By Gauri Salunkhe & Katarina Larsen
This text was first published on the WaterBlog@KTH on 10 March 2023.
The sun setting on our right in beautiful orange hues, water flowing calmly and gentle breeze on our faces. This was the tranquil atmosphere on Río Guapi on a Saturday evening in early October 2022, as we were travelling down the river in a traditional fishing boat of the Guapiñeros. In the next moment, loud cheering and clapping echoed through the mangroves and houses lining the river. The sail prototype had been unfolded and successfully set up on the boat. The next twenty minutes had everyone brimming with excitement as the fishermen expertly navigated the boat towards the barrio of Puerto Cali, using the sail that the team had built together just hours before, utilising the ancestral knowledge of the fishing community.
Local and ancestral knowledge as a strategy to reach sustainability goals
The use of local knowledge is considered key to achieving the climate strategies and plans, as outlined by Intergovernmental Panel for Climate Change (IPCC) in a recent report (IPCC, 2022). Both the IPCC and the Intergovernmental Platform on Biodiversity and Ecosystem Services (IPBES) emphasise the importance of local and indigenous knowledge in understanding and creating solutions for sustainable futures (Tengö et al., 2021a-b). Moving towards more sustainable futures, in practice, requires a thorough understanding of the local traditions and how concepts of change are used in the local context. The preservation of fishing traditions, sailing and sailmaking are interesting examples. On the one hand, recognizing the value of preserving local ancestral knowledge (related to fishing and sail making), but also recognizing that the older generation wants their children to take steps to improve their future, embarking on studies etc. Thereby wanting a better future, with less hard work that fishing entails, for the next generation. This is one example that we discussed with fishermen in Guapi showing that the involvement of local communities is necessary for getting a better understanding of how local knowledge and cultural traditions are key for understanding how change can come about. In addition to this, also recognizing that the local and global level is interrelated (Larsen et al. 2011) when implementing policy to achieve climate objectives and UN’s sustainable development goals (SDGs). Improving the possibilities to improve (local communities) life situation and increased involvement in economic development is central to the strategy for the regional development of Latin America (Sida 2021, page 9) relating to several SDGs, including SDG12, sustainable production and consumption.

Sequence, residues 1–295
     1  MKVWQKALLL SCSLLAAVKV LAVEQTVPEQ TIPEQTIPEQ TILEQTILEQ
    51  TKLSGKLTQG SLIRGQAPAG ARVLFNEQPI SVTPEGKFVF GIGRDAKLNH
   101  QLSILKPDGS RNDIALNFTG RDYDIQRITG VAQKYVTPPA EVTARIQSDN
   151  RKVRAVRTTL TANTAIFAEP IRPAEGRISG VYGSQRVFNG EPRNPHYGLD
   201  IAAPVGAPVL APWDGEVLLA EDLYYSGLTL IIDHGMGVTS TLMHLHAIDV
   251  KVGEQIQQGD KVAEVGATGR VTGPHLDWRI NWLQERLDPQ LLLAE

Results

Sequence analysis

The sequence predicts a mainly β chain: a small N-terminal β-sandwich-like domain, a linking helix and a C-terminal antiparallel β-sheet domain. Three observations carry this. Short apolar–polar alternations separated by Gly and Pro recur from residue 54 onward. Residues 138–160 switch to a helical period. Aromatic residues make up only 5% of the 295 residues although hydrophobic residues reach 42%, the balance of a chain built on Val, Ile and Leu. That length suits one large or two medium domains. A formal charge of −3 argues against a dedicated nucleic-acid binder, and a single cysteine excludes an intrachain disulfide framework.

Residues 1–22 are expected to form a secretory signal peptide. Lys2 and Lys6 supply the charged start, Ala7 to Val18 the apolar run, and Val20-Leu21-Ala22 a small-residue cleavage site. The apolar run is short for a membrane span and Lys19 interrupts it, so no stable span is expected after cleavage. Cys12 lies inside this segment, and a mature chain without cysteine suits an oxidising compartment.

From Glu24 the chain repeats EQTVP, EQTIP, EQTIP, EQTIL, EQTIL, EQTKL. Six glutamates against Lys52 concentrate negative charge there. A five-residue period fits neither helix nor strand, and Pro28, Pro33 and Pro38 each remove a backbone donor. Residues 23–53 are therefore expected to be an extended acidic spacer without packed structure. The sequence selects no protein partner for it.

Local knowledge, culture and values are important to be included together with scientific knowledge in the co-production of new solutions and for input to advising policies. This aspect of co-creation in a transdisciplinary team to take advantage of both the traditional knowledge of local communities and scientific knowledge of academics from several different disciplines (including anthropology, environmental history, technology, engineering, and design etc.) is an important methodology of the Pacífico Econavipesca project.
Fishing and boats in the community in Guapi, Colombia
The objective of the project is to develop a sustainable artisanal fishing model that reduces the environmental, social, and economic impacts on the ecosystem in the municipality of Guapi, Cauca, in Colombia. A major challenge is to reduce dependence on fossil fuels for fishing boats and engage in dialogues with the local community about ways to create social entrepreneurship to make fishing activities more sustainable long term. The project involves universities in Colombia with strong commitment and previous experiences with the communities in Guapi. The focus of fieldwork activities is to create room for dialogues and mutual learning rather than importing or imposing certain technology or ways of thinking on any local community. The fieldwork activities where KTH has been involved have been carried out in collaboration with the research teams in Colombia to ensure these aspects and safeguard continued dialogues on how future solutions may look.